After the imposition of the metro court in 1979 (then, as now, with lightning speed, and little discussion) case loads "immediately increased 25%," clogging up court operations and "causing the court to unravel." (Soich, p. 20) The Albuquerque Journal reported in 1980 "people are getting a horrible view of justice in America." (Soich, p. 20) The next year one lawyer said the court was "still a zoo," and still another year later the Albuquerque Tribune characterized the court as "chaos." (Soich, p. 21) In 2002 the Albuquerque Tribune wrote that "tardiness, rudeness, and a tendency to go easy on offenders are among the reasons a court watch group is recommending that half (7) of the (14) metro judges...should not be retained in this election." (Joline Gutierrez Krueger, ABQ Tribune, Oct. 25, 2002). In 2006 the Albuquerque Journal reported that for the previous decade, more than a third (about 2500 out of 7500) of DWI cases in Metro court were dismissed without being heard. (ABQ Journal, Jeff Procter, Dec. 7, 2006). If it doesn't work that well in Albuquerque after 30 years, is there any reason to believe it would work better in Las Cruces?

I challenge anyone to find evidence that would indicate the Metro Court is "better" than the magistrate court--the perception of the public, the quality of the service, etc. But it is a lot more expensive!

2. The Metro Court Triples the Cost of Magistrate Court
In 2005 the total budget for Dona Ana County's municipal and magistrate courts was $3,396,510 for ten judges and a staff of 62. The Dona Ana Court Consolidation Study Committee in November 2005 estimated a metro court for Dona Ana County would cost $11,009,906 for only 7 judges and a staff of 77: more staff, fewer judges--just the opposite of efficiency. The bill introduced by Rep. Gutierrez now contemplates 8 judges (magistrate court too has been awarded another judge), but appropriates only $5 million. And it will cost a whole lot more than the 2005 figure of $11 million in the bloated prices of 2009. Costs in Metro court are way up: judges there are now earning $106,000, compared to magistrate judge salaries of less than $80,000. Where will the rest come from? With no guarantee of improving service, should taxpayers be shelling out three times more for this?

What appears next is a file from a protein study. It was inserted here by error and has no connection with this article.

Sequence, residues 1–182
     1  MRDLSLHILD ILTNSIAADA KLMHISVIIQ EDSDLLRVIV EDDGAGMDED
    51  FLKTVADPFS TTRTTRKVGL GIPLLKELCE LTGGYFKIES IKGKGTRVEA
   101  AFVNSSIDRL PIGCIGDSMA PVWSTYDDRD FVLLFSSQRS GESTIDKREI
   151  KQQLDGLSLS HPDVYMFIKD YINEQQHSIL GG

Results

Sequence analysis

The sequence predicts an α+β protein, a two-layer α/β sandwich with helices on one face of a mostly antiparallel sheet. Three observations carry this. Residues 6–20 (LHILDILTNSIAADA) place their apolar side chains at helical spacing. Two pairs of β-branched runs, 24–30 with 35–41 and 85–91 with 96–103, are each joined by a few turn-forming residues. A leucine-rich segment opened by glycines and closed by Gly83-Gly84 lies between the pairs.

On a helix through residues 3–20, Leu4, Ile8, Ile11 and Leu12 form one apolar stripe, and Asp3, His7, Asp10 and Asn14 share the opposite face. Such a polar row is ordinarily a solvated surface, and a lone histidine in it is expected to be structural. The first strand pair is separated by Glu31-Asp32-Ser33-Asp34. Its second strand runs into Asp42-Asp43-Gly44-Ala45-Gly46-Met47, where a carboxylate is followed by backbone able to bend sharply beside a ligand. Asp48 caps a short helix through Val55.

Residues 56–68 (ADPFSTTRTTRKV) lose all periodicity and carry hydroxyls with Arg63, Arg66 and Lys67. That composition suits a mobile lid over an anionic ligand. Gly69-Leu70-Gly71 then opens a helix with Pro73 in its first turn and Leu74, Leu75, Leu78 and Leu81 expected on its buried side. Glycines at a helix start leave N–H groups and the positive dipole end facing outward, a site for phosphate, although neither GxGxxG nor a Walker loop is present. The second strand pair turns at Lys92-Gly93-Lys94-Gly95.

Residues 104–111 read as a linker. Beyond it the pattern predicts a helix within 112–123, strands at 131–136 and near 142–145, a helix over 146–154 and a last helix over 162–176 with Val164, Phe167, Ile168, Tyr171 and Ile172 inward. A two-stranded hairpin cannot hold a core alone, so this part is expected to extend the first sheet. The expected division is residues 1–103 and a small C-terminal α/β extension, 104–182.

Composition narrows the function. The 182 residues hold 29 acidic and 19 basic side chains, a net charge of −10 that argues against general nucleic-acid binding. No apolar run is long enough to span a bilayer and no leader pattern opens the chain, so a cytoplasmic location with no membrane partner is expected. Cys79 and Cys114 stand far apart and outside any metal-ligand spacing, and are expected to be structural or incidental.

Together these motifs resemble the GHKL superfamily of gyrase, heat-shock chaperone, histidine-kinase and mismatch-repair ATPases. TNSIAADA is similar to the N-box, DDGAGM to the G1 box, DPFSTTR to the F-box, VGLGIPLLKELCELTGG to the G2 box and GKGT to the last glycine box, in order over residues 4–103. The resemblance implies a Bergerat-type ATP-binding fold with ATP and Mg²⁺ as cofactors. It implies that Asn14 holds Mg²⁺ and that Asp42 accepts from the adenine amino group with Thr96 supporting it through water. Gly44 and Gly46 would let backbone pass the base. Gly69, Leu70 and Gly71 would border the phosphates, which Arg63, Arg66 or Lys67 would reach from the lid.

If you live outside Las Cruces, the idea of Metro Court is especially troubling.

3. Metro Court hurts the South and North Valleys of Dona Ana County. Today, magistrate courts operate in Anthony, Las Cruces, and Hatch. With metro court only Las Cruces has a court. People from Sunland Park, Santa Teresa, La Union, Chamberino, Anthony, Berino, Mesquite, Chaparral, San Miguel, La Mesa, Garfield, Hatch, Rodey, and Rincon would be forced to drive long distances to get to metro court. In fact, 54% of the population of Dona Ana County lives outside Las Cruces, so more than half the county--well over 100,000 people--would be negatively affected. Thirty years after getting a metro court in Albuquerque, citizens in the outlying areas are still complaining about the inconvenience. Dona Ana County is more than three times larger than Bernalillo County and is one of the poorest counties in the state. This represents a serious imposition on most citizens of the county.

Next: do you really want lawyers involved in this?